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Wednesday, 5 May 1915

Mr WEST (East Sydney) .- I was rather surprised at the heat displayed in the debate by certain legal gentlemen, whose training ought to have shown them that it is a great advantage in argument to keep cool; nor could I quite understand the heated manner in which the honorable member for Balaclava endeavoured to discuss the question. It struck some of us that there must be some underlying reason for this display of temper and enthusiasm over a Bill of this character. I take it to be a Bill necessitated by the present disturbed state of the patent rights law, owing to the war. Certain patentees, being enemy subjects, have been deprived of their rights under their patents, and, as there is no legal authority to carry the patents on, the Government have brought in the measure to enable licences to be issued to persons willing to do so. The Attorney-General has repeatedly stated that the licensee will have no more privileges than the original patentee. A patent is a monopoly, but honorable members on the other side have been endeavouring to impress on us the enormity of the offence of monopoly. We on this side know quite as much, and a little more, about monopolies than they do, and have taken a little more interest than they have in the various monopolies from which the people suffer. In Great Britain a number of patentees, especially German patentees, have had a great monopoly over certain scents, dyes, and patent medicines. This caused the British Government some trouble, but they overcame the difficulty by enacting that, unless the patentee manufactured the article in Great Britain within two years, he forfeited his patent rights. Some of these German patents are absolutely essential in trade. The honorable member for Flinders referred to one connected with the laying of rails for tramways and trains. Some provision would have to be made to meet cases of that kind. Under the Patents Act, the patentee has the protection of the civil law, but if I understand this Bill aright, the protection afforded to the licensee is a maximum fine of £500 for any infringement of his licence. In view of the enormous expenditure involved in creating industries, it is essential that licences should be protected; that is what this Bill does.

Mr Boyd - That does not apply to the particular patent referred to. No enormous capital is required for that.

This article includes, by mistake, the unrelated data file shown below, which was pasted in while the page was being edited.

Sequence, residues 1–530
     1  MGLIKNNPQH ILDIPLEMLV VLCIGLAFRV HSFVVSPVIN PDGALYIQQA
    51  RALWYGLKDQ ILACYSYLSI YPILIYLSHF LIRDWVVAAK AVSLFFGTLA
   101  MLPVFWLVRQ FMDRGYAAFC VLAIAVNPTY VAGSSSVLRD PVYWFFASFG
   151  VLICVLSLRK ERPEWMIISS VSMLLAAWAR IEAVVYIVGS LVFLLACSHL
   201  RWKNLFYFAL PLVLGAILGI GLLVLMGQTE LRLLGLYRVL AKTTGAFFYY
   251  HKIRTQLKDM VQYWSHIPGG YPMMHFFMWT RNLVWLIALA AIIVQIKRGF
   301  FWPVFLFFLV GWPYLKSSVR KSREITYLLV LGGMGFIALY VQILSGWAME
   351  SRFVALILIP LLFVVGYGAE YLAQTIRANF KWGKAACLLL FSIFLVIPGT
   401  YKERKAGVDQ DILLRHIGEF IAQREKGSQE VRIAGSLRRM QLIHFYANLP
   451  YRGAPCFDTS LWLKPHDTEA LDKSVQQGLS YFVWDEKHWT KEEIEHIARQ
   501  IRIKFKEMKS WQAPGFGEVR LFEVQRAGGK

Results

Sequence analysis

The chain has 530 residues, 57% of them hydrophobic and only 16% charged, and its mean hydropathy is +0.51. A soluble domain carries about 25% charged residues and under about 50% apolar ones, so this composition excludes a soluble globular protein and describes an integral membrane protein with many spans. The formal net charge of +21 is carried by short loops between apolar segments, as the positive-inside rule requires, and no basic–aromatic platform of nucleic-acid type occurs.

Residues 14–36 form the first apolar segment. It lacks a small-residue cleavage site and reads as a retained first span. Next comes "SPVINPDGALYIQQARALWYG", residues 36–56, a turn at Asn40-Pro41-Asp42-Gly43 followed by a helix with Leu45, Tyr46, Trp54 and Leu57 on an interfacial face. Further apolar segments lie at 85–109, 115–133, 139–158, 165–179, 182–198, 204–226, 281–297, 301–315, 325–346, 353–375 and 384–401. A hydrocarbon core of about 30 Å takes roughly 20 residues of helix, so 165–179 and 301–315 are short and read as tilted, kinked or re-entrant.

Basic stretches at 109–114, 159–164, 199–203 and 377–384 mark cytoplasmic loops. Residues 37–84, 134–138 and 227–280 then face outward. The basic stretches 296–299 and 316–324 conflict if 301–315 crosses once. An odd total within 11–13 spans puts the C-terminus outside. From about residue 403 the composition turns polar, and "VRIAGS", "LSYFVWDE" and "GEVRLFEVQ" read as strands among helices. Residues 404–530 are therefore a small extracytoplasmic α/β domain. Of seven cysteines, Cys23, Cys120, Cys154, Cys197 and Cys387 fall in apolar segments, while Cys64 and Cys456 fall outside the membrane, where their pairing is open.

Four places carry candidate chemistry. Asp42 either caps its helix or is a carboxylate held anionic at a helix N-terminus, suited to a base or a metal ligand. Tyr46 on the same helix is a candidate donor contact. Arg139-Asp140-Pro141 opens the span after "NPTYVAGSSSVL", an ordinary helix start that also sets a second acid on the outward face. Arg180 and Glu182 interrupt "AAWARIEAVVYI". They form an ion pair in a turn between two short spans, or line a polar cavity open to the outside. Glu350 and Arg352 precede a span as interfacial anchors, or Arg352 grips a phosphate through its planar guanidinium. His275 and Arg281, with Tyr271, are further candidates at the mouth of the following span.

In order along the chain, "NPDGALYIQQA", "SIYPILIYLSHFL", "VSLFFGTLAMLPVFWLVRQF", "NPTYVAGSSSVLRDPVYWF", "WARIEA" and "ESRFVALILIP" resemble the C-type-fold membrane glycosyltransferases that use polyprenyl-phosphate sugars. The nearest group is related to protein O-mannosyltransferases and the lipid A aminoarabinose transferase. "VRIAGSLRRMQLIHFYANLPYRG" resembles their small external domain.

Mr WEST - Whether that is so or not, I have always endeavoured to encourage people to put their money into investments. The honorable member for Flinders, ably supported by the honorable member for Balaclava, seemed to display exceptional eagerness, determination, and perseverance to impress on the House that it would, by this Bill, be creating monopolies, detrimental to the interests of those represented by us on this side. The facts, however, are plain. The honorable member for Flinders was in quite a new role in taking up the cudgels on behalf of the oppressed. The whole of the honorable member's argument is met by pointing to the circumstances of the times, which demand a Bill of this character. But for the war the measure would not be before us. The complaint of some honorable members that it is oppressive and tyrannical might be justified in ordinary times, but it has no weight now. We have had a number of ornaments of the legal profession disagreeing this afternoon, but the AttorneyGeneral has maintained his ground, and, applying to the subject that business capacity which I think I possess, I have come to the conclusion that the Bill will not have the harmful effects predicted by the Opposition. It will do what is urgently wanted towards keeping the wheels of industry going, and I shall support it.

Mr RODGERS (WANNON, VICTORIA) - It will do something to create monopolies.

Mr WEST - Many silly things are said by way of interjection. I have just explained that no monopolies will be created by the Bill. A licensee will undertake certain obligations, and ought to have some protection.

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